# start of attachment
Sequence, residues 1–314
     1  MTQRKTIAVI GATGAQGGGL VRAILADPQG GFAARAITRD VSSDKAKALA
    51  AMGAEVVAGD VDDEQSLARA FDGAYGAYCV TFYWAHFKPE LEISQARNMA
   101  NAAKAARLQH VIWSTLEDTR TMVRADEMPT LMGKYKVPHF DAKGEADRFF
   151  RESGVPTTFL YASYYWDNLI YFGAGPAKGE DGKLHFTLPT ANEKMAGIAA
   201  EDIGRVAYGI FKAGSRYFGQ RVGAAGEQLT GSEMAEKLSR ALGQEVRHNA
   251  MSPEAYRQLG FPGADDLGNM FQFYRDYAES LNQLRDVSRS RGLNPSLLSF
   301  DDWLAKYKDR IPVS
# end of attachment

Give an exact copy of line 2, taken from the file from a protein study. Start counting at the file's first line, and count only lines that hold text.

     1  MTQRKTIAVI GATGAQGGGL VRAILADPQG GFAARAITRD VSSDKAKALA